What do we do when someone we like, love, need, trust, is unmasked and we discover they are not who we thought they were. In the news recently we are hearing a lot about men who, to the shock of some, have engaged in sexually inappropriate behaviors such as sexual harassment. Producer Harvey Weinstein is the latest in an increasing number of powerful celebrities including President Donald Trump, Actor and Comedian Bill Cosby, Former Rep. Anthony Weiner, Former President Bill Clinton. So many more politicians, actors and singers and athletes have also fallen off their pedestals with not only sexually inappropriate behavior but with violence and physical abuse as well.
It is is interesting to note what happens after disclosure. Does the person admit their behavior or do they deny? If they admit, are they legitimately remorseful? Or does the apology appear to be perfunctory? And what is the response in their circle of family and friends, and perhaps the rest of us who may admire these people? As a society we can get very angry with those who defend these men, especially when the women in their lives defend them. Hillary Clinton is still vilified for defending her husband and trying to discredit his accusers. Remember, she was not only a wife but also a lawyer. On the other hand, we also appear to be very forgiving of professional athletes and other celebrities. After all, Donald Trump is President despite his inappropriate history.
So, what we are really talking about is our response to betrayal. To “betray” is defined by Merriam Webster as “to fail or desert especially in time of need.” The feelings that follow betrayal are often confusing. A betrayal is like a death, the death of what we believed was real. The stages I mentioned in a previous blog apply again. Denial is very common. Not believing that the person who is accused could do what someone says they did. That of course leads to believing that the accuser(s) must be lying. Or, if they are not lying, then the victim must be responsible, at least in part, for causing the behavior. We talk about how a victim dresses or where they went. They should have known, we say! Sadly, parents sometimes do this when children disclose abuse. We also bargain with the truth. We accept promises and apologies in the hopes that this never happens again. We become angry; angry at the accused and the accusers for ruining our belief and trust in this person. We may be angry that the truth has turned our world upside down. And sometime we get stuck in these stages. When we see someone we care about who is stuck, patience, education and support are more effective than anger and ultimatums in helping them get unstuck.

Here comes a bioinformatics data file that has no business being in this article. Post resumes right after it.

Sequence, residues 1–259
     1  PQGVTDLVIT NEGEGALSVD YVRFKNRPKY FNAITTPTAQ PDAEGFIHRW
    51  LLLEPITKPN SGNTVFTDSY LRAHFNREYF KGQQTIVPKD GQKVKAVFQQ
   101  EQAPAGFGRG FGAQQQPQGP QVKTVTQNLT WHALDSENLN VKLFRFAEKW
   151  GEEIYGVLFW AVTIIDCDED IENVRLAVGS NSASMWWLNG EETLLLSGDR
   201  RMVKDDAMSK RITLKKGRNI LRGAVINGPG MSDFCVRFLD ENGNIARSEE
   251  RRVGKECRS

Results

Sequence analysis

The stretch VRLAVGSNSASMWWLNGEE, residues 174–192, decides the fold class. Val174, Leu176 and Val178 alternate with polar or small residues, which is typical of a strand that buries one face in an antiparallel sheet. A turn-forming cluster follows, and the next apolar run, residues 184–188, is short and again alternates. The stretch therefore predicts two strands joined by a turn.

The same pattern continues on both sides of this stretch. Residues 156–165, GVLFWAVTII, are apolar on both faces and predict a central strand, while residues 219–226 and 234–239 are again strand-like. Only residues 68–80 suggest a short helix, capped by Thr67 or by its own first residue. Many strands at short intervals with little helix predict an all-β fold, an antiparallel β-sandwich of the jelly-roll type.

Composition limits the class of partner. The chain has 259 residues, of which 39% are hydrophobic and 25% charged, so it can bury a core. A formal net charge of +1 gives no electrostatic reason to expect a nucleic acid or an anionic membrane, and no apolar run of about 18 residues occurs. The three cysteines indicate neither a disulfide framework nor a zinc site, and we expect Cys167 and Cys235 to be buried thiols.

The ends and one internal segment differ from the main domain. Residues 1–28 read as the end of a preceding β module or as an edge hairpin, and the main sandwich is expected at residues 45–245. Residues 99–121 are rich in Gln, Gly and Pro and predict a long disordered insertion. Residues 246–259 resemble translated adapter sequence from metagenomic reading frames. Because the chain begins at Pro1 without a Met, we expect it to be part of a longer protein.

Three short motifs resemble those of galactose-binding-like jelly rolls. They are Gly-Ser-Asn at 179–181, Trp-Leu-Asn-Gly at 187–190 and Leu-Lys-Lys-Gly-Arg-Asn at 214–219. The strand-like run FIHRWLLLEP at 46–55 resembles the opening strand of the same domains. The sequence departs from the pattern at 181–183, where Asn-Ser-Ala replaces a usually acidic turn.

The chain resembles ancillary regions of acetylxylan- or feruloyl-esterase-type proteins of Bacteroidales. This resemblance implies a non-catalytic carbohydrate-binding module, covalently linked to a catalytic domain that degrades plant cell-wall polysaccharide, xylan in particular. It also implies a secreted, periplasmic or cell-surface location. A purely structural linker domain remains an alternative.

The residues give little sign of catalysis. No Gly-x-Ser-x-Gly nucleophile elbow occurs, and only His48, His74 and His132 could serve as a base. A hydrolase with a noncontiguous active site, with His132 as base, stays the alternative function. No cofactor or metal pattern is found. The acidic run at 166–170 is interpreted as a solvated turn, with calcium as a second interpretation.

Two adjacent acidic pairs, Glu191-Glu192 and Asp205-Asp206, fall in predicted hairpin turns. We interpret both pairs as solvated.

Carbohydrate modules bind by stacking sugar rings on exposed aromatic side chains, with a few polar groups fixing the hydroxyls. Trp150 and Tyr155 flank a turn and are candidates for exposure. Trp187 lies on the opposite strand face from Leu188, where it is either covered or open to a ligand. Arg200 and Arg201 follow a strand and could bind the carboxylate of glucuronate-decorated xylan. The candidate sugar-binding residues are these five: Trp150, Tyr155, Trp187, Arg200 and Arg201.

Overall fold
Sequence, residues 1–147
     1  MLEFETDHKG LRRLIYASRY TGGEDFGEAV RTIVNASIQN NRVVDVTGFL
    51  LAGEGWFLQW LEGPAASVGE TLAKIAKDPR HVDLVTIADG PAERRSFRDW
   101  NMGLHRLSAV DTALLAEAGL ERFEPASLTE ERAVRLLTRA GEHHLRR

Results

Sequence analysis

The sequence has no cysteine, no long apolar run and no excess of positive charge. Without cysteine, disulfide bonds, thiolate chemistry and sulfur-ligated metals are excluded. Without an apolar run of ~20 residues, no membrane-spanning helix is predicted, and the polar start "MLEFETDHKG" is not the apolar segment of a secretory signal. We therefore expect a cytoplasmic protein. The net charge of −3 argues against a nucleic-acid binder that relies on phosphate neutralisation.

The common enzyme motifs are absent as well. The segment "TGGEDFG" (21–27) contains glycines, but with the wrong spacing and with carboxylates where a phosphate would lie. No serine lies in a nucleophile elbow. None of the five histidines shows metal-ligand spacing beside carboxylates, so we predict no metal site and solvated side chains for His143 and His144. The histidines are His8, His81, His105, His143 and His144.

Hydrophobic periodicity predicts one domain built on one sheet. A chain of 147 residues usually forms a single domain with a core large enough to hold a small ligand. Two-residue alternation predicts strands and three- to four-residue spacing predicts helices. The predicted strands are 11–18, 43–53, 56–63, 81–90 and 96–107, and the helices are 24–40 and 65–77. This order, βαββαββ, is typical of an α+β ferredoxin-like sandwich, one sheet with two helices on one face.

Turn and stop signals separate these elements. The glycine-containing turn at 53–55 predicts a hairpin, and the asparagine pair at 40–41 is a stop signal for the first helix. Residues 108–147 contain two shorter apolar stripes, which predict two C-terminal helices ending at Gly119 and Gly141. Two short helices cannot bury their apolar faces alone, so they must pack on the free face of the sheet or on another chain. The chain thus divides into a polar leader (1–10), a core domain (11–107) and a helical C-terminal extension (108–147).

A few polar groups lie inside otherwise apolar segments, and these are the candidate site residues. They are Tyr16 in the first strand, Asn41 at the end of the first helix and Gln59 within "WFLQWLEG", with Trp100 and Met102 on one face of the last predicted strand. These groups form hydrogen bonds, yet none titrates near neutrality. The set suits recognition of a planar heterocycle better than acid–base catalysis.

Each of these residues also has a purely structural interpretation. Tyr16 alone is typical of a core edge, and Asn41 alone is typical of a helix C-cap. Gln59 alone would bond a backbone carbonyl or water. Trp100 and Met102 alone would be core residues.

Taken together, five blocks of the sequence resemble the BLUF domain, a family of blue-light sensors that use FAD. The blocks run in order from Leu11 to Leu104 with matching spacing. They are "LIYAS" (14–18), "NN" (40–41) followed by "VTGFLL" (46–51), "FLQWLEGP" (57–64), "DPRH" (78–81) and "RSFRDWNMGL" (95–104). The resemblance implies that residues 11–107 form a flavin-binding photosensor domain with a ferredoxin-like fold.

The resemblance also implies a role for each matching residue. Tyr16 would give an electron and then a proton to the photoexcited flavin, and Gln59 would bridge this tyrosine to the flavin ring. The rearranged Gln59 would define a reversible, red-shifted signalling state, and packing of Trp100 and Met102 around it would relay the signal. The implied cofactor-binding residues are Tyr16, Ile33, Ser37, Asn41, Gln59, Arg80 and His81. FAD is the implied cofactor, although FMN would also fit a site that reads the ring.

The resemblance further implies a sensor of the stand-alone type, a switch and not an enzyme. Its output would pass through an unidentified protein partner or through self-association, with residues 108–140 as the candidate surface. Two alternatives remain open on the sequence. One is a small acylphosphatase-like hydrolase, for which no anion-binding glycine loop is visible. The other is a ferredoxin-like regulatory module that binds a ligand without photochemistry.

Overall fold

How do we, then, come to resolution with betrayal? We must first trust ourselves and what we know to be the truth, even if we don’t like it, even if we feel stupid for trusting in the first place. We must hold people accountable for their behavior both, past and present. A person who owns their past behaviors and choices without blame and minimization, who apologizes with that foundation can earn our forgiveness. That doesn’t mean everything goes back to normal. We are now in a new normal with the betrayal as part of our history. And what about the person who continues into a cycle of perpetrating and apologizing, over and over again? We may have to move away from that person for they are becoming toxic to us. As Maya Angelou once said: “When people show you who they are, believe them the first time.”
So, we may all be betrayed at some point and we all struggle with how that makes us feel. I will always struggle with my fondness for Bill Cosby’s comedy and his character of Heathcliff Huxtable and my sadness about the behavior of the man behind the comedy. This too is part of life as we know it.